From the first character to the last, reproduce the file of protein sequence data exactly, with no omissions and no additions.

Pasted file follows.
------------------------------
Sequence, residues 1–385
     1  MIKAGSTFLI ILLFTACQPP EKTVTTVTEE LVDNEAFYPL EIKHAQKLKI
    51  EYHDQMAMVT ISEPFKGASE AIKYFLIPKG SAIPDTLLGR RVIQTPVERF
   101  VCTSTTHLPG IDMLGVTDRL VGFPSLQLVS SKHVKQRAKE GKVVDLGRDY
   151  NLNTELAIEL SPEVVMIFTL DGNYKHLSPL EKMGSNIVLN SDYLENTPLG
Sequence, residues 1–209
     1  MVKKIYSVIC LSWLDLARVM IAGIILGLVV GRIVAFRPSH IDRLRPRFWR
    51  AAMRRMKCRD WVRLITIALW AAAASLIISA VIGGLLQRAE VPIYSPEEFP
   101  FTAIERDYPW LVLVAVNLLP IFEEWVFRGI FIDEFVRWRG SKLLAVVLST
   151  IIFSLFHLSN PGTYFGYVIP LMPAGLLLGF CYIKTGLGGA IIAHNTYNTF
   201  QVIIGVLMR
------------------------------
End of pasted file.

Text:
Sequence, residues 1–385
     1  MIKAGSTFLI ILLFTACQPP EKTVTTVTEE LVDNEAFYPL EIKHAQKLKI
    51  EYHDQMAMVT ISEPFKGASE AIKYFLIPKG SAIPDTLLGR RVIQTPVERF
   101  VCTSTTHLPG IDMLGVTDRL VGFPSLQLVS SKHVKQRAKE GKVVDLGRDY
   151  NLNTELAIEL SPEVVMIFTL DGNYKHLSPL EKMGSNIVLN SDYLENTPLG
Sequence, residues 1–209
     1  MVKKIYSVIC LSWLDLARVM IAGIILGLVV GRIVAFRPSH IDRLRPRFWR
    51  AAMRRMKCRD WVRLITIALW AAAASLIISA VIGGLLQRAE VPIYSPEEFP
   101  FTAIERDYPW LVLVAVNLLP IFEEWVFRGI FIDEFVRWRG SKLLAVVLST
   151  IIFSLFHLSN PGTYFGYVIP LMPAGLLLGF CYIKTGLGGA IIAHNTYNTF
   201  QVIIGVLMR